Aussie Greens seek to axe tampon tax

Xavier Trudeau
Juin 19, 2017

The GST Low Value Goods bill, which passed the Senate with a Labor amendment to delay commencement until mid-next year, would add the GST to any item bought online for less than $1,000.

The federal Senate has voted down a proposal to remove the GST from female sanitary products, a tax which does not apply to condoms or lubricant.

Greens senator Larissa Waters said that amount would more than offset the cost of removing the 10 per cent GST from pads and tampons, citing independent costings from the Parliamentary Budget Office showing the states and territories would still be $185 million ahead. While the GST now applies to those items, it does not apply to male products like condoms or lubricant, which has been the cause of a long-running campaign to remove the tax from female products - including a famous appearance on ABC program Q&A in 2015, when campaigners asked then-treasurer Joe Hockey to "stop taxing my period". "Periods are not a luxury, and sanitary items are not luxury items - they are necessities".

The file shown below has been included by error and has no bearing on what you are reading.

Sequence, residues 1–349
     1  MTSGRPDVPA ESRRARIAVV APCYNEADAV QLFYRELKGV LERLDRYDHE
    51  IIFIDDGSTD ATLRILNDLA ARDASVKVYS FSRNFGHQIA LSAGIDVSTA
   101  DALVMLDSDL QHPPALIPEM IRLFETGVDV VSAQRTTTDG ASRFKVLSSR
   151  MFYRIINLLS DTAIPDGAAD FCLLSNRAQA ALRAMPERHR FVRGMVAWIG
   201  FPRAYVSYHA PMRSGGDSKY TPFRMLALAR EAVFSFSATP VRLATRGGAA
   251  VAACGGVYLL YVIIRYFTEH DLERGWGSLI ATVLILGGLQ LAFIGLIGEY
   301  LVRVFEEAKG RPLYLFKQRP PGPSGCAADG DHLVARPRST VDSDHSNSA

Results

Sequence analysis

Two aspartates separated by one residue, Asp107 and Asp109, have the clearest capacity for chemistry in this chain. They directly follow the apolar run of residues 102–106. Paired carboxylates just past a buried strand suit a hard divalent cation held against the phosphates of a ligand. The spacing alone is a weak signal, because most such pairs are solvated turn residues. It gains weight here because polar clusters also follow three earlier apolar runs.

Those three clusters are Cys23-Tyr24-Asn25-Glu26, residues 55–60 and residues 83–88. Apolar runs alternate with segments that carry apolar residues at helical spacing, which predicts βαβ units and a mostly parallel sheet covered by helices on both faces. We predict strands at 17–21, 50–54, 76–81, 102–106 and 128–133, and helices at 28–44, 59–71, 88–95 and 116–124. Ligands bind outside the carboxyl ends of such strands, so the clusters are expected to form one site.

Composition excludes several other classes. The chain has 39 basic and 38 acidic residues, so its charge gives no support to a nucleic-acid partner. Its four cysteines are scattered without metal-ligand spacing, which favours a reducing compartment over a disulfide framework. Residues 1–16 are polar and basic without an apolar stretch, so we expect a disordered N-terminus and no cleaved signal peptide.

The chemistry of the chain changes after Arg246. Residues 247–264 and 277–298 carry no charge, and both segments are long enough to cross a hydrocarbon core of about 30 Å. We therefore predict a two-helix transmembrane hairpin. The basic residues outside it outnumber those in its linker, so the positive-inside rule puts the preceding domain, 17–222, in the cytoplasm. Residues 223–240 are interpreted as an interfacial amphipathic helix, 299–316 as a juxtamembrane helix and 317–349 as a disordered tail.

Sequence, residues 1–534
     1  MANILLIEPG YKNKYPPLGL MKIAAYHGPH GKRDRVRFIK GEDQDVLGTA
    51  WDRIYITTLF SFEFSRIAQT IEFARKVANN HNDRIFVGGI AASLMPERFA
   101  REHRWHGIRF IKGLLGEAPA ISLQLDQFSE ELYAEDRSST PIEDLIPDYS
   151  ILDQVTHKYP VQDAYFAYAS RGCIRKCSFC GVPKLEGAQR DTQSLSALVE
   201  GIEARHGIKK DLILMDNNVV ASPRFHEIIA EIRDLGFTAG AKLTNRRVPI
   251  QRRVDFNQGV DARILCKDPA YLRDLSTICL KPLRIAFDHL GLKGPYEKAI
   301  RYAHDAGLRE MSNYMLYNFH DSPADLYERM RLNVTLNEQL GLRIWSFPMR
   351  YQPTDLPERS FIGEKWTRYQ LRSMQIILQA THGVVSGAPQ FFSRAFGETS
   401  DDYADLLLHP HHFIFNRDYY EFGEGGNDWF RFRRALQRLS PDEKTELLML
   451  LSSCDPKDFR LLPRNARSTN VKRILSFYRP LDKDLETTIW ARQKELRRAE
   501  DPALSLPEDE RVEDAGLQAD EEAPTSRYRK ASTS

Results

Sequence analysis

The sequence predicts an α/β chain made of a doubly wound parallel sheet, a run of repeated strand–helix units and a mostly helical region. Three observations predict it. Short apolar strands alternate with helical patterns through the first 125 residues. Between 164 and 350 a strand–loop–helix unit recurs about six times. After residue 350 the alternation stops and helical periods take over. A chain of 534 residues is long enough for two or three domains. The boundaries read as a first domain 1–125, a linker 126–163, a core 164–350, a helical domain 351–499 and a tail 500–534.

The Greens have revived the tampon tax debate, calling for the scrapping of the "sexist, discriminatory" tax on women's bodies.

The upper house is debating laws allowing GST to be collected on imported goods worth less than $1000 ($NZ1048.84) raising $300 million over three years.

The Greens Party, Nick Xenophon Team, Derryn Hinch, David Leyonhjelm and Lucy Gichuhi voted for it, while the government and the Labor opposition voted against.

"Considering how important the GST is for states and territories, and indeed the agreement that exists between the Commonwealth and states and territories around GST arrangements, that these discussions about how this should be done and when it should be done, needs to happen with all those parties", she said.

Shadow treasurer Chris Bowen told BuzzFeed News that Labor "strongly believes" in exempting tampons and other sanitary products from the GST - but this amendment was not the way to do it.

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